I realized the importance of kneading the very first time I was making bread. I messed up he proportions in the dough and it didn't come out quite right. I was about to throw the dough away and start from scratch when my mother stopped me.

She kneaded the dough for about fifteen minutes and the dough completely changed. It became perfect. That's when I realized that kneading is vital.

By anon288406 — On Aug 30, 2012

So, does that mean kneading is not necessary with gluten free flours?

By anon174391 — On May 10, 2011

Glutenen and Gliadin are two amino acids found in wheat flour. When water is added they combine on their own to form gluten, which gives bread structure. Kneading the dough accelerates the process. That's why no knead bread works.

By anon166988 — On Apr 11, 2011

I bake bread every few days, yet knead the dough a lot less than ten minutes.

My recipe is 12 oz white bread flour, 8 oz wholemeal bread flour, a heaped teaspoon salt, a heaped teaspoon sugar, 2 sachets of dried yeast and a good glug of olive oil. Mix all ingredients dry thoroughly, including the oil, trying to rub out any large clumps the oil makes in the flour. Add enough hand hot water to make a dough that looks like the dough you see people kneading. If it's too dry, add more water. If it's too wet, sprinkle flour on your work area and knead the dough in it, adding more steadily, until you think it's OK, (it's your bread, it'll be fine).

Knead it until you feel it going rubbery, usually two or three minutes, I find. I like to bake mine in a loaf tin as I like a softish dough, and it is a very big flat loaf if it's not contained, but make it a bit stiffer, and it'll sit up nicely. Never mind all the knocking back and stuff. Just cover it with a piece of loosely fitting plastic clingfilm, gladwrap, kitchen wrap or a damp cloth, and wait until it's well risen, they say doubled it's size, but I think it's closer to trebling.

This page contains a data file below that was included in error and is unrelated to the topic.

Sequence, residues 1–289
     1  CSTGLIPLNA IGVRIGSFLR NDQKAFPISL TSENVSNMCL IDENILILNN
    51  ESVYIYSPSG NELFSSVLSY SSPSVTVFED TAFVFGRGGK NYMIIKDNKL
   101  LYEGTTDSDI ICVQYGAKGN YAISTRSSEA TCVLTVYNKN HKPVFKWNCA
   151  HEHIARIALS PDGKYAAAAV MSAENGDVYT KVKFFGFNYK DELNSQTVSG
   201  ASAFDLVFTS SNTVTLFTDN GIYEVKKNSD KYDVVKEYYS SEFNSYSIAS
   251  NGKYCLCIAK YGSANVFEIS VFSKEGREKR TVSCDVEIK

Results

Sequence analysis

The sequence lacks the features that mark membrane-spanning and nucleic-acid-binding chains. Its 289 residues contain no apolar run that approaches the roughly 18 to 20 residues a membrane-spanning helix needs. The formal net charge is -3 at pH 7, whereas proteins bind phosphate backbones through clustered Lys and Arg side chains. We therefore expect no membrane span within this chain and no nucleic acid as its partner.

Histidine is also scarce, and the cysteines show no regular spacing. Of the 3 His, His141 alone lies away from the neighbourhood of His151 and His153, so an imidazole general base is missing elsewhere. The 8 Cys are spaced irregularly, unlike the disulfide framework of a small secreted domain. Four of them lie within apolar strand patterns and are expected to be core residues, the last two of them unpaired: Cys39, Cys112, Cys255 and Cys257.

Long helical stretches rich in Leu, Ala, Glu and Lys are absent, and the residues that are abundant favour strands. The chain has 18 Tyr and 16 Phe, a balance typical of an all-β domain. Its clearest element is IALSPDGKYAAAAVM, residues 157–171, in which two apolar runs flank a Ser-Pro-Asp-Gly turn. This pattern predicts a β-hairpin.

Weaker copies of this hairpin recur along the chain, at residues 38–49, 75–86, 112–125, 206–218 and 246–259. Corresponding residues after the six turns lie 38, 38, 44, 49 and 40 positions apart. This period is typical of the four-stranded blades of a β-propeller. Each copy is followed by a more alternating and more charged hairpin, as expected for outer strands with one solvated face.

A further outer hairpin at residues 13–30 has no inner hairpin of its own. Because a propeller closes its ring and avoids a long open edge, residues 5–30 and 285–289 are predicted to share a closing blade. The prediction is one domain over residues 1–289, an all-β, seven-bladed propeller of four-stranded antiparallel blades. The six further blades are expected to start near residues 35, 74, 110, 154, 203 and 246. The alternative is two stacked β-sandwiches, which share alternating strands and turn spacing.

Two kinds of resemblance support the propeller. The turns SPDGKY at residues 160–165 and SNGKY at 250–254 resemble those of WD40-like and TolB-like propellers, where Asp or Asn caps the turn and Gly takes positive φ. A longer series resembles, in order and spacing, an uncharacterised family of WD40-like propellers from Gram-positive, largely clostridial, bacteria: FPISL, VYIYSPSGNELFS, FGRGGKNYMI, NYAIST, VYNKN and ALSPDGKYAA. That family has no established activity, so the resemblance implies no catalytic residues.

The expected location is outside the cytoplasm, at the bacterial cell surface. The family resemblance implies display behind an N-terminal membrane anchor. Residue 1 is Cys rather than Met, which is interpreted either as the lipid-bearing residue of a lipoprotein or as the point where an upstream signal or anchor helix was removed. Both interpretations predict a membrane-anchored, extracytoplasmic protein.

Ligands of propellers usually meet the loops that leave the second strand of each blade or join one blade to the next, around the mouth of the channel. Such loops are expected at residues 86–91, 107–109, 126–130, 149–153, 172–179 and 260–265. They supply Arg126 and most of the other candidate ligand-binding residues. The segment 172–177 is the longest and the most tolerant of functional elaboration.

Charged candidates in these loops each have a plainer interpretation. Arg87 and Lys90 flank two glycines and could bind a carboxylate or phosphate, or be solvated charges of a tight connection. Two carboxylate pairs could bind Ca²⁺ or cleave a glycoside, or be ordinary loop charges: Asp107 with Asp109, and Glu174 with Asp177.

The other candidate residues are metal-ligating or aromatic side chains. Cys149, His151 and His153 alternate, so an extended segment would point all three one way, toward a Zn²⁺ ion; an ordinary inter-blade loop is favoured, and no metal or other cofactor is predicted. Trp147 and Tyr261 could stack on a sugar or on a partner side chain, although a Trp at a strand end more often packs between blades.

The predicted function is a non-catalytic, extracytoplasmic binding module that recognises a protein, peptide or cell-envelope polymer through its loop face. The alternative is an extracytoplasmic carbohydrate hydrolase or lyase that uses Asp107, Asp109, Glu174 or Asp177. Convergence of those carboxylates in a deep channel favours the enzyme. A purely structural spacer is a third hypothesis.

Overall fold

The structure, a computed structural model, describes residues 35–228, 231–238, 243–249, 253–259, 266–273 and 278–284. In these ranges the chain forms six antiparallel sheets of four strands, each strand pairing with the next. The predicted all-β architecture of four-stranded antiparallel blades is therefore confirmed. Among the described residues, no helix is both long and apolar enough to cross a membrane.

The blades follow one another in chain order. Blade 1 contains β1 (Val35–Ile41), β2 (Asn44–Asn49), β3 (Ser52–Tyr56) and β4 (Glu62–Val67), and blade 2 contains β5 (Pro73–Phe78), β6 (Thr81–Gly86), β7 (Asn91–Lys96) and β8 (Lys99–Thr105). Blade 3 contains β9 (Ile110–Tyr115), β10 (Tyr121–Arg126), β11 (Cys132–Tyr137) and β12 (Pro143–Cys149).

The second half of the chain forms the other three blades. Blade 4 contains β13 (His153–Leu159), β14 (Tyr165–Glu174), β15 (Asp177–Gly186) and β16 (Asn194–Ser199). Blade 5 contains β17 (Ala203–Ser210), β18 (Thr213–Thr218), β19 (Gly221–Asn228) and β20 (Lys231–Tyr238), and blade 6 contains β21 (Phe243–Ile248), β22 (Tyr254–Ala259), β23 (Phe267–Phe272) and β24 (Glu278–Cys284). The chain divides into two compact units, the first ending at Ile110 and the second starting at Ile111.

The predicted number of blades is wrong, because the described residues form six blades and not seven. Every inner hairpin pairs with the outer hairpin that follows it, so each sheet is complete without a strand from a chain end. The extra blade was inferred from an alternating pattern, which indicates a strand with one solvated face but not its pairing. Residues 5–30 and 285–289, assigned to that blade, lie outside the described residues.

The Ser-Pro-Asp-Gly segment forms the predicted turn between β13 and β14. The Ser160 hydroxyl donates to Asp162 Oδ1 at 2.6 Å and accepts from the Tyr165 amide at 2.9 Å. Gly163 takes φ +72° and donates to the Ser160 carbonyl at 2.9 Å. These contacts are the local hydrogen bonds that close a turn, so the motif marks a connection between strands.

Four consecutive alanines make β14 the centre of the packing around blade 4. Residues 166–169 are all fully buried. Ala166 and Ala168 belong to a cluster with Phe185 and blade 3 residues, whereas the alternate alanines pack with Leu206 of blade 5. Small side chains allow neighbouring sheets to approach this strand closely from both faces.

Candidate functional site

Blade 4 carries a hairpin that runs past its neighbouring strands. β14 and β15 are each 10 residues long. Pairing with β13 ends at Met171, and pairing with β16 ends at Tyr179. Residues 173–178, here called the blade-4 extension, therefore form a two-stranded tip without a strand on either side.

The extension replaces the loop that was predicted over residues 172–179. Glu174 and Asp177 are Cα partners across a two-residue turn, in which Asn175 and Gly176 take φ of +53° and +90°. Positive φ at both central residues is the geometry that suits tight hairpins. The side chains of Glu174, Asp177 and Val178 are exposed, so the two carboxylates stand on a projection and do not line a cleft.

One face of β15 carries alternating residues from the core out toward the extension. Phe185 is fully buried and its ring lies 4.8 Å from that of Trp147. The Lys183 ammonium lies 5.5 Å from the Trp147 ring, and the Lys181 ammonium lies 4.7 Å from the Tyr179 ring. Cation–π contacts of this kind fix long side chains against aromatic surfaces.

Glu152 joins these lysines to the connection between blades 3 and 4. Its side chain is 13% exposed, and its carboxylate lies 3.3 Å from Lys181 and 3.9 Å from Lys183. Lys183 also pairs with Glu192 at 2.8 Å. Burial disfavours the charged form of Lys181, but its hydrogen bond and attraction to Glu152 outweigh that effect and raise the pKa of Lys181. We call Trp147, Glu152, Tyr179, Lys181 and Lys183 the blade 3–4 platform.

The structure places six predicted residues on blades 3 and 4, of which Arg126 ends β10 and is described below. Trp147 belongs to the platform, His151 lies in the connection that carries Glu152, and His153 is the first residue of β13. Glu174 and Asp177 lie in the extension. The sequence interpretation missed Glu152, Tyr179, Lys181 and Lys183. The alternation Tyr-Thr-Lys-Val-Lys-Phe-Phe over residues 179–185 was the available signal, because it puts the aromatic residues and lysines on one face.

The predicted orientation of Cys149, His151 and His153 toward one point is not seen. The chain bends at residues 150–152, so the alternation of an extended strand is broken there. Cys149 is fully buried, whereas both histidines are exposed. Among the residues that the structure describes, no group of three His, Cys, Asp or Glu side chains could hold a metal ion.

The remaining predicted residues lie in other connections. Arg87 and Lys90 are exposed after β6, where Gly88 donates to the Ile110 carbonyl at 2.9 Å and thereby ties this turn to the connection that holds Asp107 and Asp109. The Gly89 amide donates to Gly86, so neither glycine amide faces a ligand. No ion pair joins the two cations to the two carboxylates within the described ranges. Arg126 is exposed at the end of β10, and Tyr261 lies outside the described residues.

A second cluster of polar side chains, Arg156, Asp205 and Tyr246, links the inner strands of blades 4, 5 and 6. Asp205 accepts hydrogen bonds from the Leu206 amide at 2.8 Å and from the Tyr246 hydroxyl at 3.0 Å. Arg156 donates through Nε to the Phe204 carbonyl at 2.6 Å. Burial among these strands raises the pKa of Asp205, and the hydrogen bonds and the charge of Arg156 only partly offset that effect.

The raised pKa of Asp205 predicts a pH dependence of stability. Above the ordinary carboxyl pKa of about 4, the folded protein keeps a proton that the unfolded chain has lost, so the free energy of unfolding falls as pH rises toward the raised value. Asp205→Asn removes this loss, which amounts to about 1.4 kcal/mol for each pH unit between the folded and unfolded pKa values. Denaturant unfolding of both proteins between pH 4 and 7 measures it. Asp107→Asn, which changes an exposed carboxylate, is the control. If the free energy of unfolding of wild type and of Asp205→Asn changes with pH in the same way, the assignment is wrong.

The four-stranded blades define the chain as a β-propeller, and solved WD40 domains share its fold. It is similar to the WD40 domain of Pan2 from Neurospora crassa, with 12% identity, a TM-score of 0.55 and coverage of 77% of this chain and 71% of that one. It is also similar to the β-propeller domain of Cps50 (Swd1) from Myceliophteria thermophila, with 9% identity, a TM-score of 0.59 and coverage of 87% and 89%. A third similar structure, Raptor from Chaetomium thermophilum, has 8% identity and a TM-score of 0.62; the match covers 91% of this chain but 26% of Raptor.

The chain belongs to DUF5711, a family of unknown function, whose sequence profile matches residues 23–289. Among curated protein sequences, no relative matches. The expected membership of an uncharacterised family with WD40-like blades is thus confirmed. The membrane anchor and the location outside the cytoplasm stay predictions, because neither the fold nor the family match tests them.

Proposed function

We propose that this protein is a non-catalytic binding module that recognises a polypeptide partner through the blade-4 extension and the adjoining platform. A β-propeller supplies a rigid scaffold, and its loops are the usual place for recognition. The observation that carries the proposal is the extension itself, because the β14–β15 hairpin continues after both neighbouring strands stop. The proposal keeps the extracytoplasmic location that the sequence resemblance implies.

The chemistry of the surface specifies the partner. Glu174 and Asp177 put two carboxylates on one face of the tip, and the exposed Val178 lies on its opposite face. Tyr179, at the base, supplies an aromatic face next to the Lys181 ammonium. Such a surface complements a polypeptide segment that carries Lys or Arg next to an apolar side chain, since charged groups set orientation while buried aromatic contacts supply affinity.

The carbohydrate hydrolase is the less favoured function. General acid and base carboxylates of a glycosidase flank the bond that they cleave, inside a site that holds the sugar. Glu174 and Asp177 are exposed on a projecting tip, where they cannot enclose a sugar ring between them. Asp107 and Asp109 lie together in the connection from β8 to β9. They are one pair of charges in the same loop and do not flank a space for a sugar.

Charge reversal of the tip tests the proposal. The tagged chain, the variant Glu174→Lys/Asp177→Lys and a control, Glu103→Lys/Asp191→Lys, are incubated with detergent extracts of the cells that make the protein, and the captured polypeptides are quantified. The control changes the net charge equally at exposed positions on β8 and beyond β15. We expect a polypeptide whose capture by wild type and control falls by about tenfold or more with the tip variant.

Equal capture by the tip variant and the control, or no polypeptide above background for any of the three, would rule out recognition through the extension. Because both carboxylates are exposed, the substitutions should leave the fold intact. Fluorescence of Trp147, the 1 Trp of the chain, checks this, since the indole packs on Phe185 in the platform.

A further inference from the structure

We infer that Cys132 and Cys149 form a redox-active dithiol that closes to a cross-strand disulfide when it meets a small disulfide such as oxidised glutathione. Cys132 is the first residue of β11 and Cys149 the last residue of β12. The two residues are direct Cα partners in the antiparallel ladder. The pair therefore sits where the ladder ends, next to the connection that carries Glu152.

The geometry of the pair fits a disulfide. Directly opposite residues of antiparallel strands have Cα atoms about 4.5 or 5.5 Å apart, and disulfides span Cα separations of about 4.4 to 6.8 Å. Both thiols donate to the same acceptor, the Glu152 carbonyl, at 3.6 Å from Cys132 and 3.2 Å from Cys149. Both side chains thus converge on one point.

Bake for 15 mins at 220c then another 30 mins at 180c. It'll look like a loaf, taste beautiful and last three or four days if you keep it wrapped up. --Ian.

By musicshaman — On Nov 24, 2010

If the kneading activates the gluten, then how do breads without gluten work? Do they just have some sort of bread dough enhancer that holds the dough together, or what?

I've always been curious about how that works actually -- I mean, if you take the yeast out of dough then you end up with a cracker, but somehow people can take the gluten out of dough and still end up with bread.

How does this work? Can anybody explain this to me? I'm not a baker (I barely cook), but I am really interested in stuff like this, so I'd really appreciate it if somebody could clue me in as to how this works.


By EarlyForest — On Nov 24, 2010

If you do a lot of baking, and don't want to wear yourself out, then you might want to consider getting a bread dough kneading machine.

They have all kinds of different machines, some of which are hand-operated, and some of which are entirely mechanical, like a mixer.

I know that some people really hate using these things because they say that you can't get a feel for the bread if you don't knead it yourself, but I really think that you can get good results with a machine, sometimes even better results than you can get from hand-kneading, if you're a beginning baker.

This type of thing is also great for impatient bakers like me, who get bored after about 30 seconds of kneading. So if you'd like to try baking, but have always been scared off by all the kneading, you might want to try a dough kneading machine -- they really do give you good results, and you don't have to worry about developing football player shoulders.

By Planch — On Nov 24, 2010

So then how does no knead bread dough work? Because there are some recipes for bread in which you don't have to knead it, and yet they come out just like regular bread.

I've been trying to figure this out for a while now, especially because a lot of the recipes that I use for no knead bread dough look very similar to those for regular bread dough -- there's no baking soda or baking powder or anything like that that could make it rise.

Do you have any idea how something like this works, and why some bread doughs have to be kneaded while others don't?

I'd be really curious to learn more about this. Thanks for the interesting article!

By anon112325 — On Sep 19, 2010

Clear, precise information. I always wanted to know why kneading dough is so important.

Malcolm Tatum
Malcolm Tatum
Malcolm Tatum, a former teleconferencing industry professional, followed his passion for trivia, research, and writing...
Learn more